Christina Gao wanted one thing, and one thing only: McDonald’s.It was the evening after the Four Continents competition in Japan, and the Harvard College freshman, who has been racing toward the top of the figure skating world, needed her fast-food fix — a salty counterpoint to the discipline, travel, and sacrifice a career in athletics demands, a career that recently led Gao to make the difficult decision to take a yearlong leave from Harvard to dedicate herself to Olympic training.Gao placed fourth in the Four Continents competition, and got her reward in the form of a Big Mac. She then boarded a plane back to Boston, where she’s continuing her training, and where the busy Harvard world is just a train ride away.“It wasn’t an easy decision,” said Gao, who also recently placed fifth at the nationals. “I wasn’t able to work out my courses to fit my schedule, and so I decided to take this year to train. Harvard will always be here for me, but the chance to try for the Olympics doesn’t happen very often.”Raised in Cincinnati, Gao began skating when she was 7. “It began as just an after-school activity,” she recalled, “but started growing into more than that, and soon I was training three or four hours a day.”As a high schooler, Gao uprooted to Toronto, where she could focus on training, taking courses through online correspondence, and traveling to 11 countries over the past few years while competing with Team USA.When she visited Harvard to skate in An Evening With Champions, “I knew this was where I wanted to be,” she giddily confessed.Gao’s down-to-earth personality could be attributed to her Midwestern roots. She offers no pretense about her concentration of choice: “I have no clue,” she said. “There are so many neat things to dive into and I’m excited to have the opportunity to discover what I’m passionate about.”But Gao is passionate about skating, its peaks and pitfalls. “It’s really hard most of the time. I’m always tired and sore, and sometimes I don’t think I can handle it. But in the end, I always seem to push through, I think because I truly love it,” she said.“I’ve had an amazing time at Harvard so far. I had to balance skating and school, which was hard at first, but very rewarding. I found a nice balance between the two. School kept my mind sharp, while skating kept me physically sharp. I’d train three hours in the morning, go to class, and then go back to the rink for another hour of training. It was definitely tough, and sometimes I wanted to give up, but I’m glad I pushed through.”As Gao moves forward with the 2014 Olympics in mind, she’ll be contending not just with competitors, but herself. “I get really nervous when I compete,” Gao said.To counter that, like many athletes, she has some superstitious practices (though fewer, she said, than she used to): “I always put my left skate on first, and I usually try to take a nap before I compete.”Another necessary ritual? McDonald’s, of course — post-competition, at the airport, before the flight home.So far, it all seems to be working. Gao garnered a silver medal at Skate America in 2012, and that year placed fifth in the U.S. Figure Skating Championships.If it ain’t broke, why fix it?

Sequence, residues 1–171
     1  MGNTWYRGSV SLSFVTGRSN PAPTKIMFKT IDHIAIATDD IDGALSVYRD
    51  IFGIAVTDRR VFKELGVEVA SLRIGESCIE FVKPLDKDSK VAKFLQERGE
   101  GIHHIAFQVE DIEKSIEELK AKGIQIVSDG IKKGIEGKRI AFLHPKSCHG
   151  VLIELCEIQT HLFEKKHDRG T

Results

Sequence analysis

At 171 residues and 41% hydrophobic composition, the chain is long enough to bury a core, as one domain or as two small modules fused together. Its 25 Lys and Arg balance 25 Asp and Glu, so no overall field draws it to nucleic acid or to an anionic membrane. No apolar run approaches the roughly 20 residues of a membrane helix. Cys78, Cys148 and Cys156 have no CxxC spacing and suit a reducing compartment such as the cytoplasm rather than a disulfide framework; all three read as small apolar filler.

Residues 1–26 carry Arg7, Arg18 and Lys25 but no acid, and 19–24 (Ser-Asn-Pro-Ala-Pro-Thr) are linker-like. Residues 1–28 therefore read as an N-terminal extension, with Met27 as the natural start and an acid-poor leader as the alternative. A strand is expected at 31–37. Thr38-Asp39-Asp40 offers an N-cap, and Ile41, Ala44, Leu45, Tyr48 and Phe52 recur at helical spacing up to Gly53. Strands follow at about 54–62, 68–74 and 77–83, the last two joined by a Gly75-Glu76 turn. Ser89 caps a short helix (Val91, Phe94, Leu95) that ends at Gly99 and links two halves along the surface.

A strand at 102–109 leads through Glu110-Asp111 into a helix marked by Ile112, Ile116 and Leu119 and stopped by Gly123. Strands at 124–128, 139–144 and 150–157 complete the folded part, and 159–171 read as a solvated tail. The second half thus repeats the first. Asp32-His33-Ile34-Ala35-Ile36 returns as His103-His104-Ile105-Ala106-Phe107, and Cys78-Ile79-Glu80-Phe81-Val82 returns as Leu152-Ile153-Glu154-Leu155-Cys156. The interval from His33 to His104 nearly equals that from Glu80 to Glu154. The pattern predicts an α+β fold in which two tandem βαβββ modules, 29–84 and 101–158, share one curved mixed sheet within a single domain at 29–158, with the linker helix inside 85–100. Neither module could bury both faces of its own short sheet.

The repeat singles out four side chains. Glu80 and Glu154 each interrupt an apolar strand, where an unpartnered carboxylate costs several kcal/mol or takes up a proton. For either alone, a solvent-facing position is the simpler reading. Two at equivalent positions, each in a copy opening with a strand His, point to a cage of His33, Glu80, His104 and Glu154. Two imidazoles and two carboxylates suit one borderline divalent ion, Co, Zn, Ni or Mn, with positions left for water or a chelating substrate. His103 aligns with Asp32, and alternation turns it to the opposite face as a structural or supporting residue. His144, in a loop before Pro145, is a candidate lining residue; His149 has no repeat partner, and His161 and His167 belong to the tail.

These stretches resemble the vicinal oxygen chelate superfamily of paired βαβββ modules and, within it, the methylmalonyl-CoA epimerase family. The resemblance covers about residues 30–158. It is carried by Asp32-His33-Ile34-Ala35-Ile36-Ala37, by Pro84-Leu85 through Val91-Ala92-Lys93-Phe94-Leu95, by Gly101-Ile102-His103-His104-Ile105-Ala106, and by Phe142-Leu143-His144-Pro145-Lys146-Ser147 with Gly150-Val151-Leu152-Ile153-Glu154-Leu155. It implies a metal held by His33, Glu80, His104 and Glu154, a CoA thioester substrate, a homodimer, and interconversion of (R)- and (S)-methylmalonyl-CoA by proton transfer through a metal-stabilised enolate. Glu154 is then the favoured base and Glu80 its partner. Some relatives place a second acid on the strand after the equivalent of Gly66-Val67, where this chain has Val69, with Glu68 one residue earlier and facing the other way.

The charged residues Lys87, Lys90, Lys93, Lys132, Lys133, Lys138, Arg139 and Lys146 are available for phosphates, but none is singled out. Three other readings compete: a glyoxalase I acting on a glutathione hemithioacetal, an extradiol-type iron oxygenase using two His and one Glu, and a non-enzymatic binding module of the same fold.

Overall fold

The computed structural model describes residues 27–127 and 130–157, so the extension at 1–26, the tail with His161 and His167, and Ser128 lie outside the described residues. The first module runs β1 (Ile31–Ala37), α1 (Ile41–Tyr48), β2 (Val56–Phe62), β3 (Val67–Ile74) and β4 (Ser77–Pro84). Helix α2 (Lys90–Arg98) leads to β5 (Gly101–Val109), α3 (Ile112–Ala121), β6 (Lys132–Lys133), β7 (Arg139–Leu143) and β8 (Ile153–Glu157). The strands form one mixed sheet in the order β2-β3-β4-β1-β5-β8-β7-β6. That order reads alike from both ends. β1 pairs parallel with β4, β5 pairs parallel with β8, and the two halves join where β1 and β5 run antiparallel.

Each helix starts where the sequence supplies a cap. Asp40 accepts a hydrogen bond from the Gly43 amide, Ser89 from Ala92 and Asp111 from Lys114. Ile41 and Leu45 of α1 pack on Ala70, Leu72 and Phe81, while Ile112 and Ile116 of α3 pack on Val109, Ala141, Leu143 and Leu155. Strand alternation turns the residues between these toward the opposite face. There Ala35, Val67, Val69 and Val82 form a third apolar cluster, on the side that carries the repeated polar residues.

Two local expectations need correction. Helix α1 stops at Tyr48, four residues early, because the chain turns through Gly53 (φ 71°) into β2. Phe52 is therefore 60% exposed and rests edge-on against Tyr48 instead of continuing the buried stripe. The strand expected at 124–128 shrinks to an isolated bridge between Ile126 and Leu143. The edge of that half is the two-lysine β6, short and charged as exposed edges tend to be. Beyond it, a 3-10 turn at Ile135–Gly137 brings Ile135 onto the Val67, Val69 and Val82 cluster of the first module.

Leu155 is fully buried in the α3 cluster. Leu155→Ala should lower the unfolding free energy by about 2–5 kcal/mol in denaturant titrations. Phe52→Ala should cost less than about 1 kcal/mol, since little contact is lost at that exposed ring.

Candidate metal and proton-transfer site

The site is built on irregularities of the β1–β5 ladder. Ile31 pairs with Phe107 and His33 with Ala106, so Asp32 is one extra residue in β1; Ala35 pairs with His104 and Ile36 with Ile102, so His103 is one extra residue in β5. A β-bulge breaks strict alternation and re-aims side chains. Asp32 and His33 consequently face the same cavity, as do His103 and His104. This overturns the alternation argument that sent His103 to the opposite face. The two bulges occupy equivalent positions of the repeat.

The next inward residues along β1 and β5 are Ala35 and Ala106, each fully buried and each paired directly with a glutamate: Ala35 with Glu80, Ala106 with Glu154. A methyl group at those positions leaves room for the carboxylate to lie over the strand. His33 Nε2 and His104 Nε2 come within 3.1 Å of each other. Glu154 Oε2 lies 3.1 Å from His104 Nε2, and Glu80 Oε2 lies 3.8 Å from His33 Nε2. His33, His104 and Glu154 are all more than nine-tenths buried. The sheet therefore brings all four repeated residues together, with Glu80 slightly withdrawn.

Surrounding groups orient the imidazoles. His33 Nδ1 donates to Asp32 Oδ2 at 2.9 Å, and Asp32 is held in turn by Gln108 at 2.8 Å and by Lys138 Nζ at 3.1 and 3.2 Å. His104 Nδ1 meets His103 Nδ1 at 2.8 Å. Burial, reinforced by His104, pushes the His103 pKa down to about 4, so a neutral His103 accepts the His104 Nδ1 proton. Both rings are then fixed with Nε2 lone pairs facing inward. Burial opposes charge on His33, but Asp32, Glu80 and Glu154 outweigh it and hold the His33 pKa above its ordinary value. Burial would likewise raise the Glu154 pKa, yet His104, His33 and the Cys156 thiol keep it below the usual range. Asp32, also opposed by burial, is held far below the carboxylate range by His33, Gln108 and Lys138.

5Students feast! 6Students James Damiano (clockwise from left), Jurgen Kameniku, John Holland-McCowan, Henney Sullivan, Jonathan Young, and Jacob Montgomery eat on the patio. 3Christopher Valenti (from left), Peter Grogan, Henney Sullivan, and Nicola Maasdorp watch as the lamb is roasted. 8Students peruse — and pluck from — the dessert table. 2Courtney Evans of Harvard University Dining Services marinates a lamb on a spit for the GreekFest dinner. On the patio at Pforzheimer House, facing the lively Radcliffe Quad, the odd sight of a lamb roasting on a spit grabbed passersby’s attention. For the fourth consecutive year, the PfoHo dining services staff helped students and staff celebrate GreekFest by creating a delicious feast on May 1. In addition to the lamb, they cooked spanakopita, authentic Greek salad, a mezze bar of appetizers, baklava, and rice pudding. The celebration falls the week before Greek Orthodox Easter, celebrated this year on May 5.Students filled plates and sat at tables covered in blue and white tablecloths to pay homage to the Greek flag. Outside, the warm weather and the greening of the Quad signaled spring’s return.Pforzheimer House Master Nicholas Christakis explained in an email to students what lamb in the spring signifies to Greek culture: “The idea behind a lamb roast is to celebrate the annual greening of the countryside with a ritual sacrifice of a new lamb. For millennia, the Greek diet was (and still is) organized around religious festivals, many of which involve fasting and the complete absence of dairy and meat for weeks at a time. In fact, some have hypothesized that the unusually high life expectancy of the Greek people comes in part from these periodic fasts from animal products. So, the traditional lamb roast signifies the coming of spring and an expression of gratitude for nature’s abundance.” 4Alex Nesbitt (from left), Nadia Armouti, and Kenyatta Smith — all Class of ’15 — enjoy some Greek delights. 1Baklava and Greek cookies were two of the sweet temptations available at Pforzheimer House’s annual GreekFest. 7House Masters Nicholas and Erika Christakis and friend Chelsea Link ’12 survey the dining hall. 9Dining Services employee Anabela Pappas (left) and House administrator Sue Watts admire the baklava.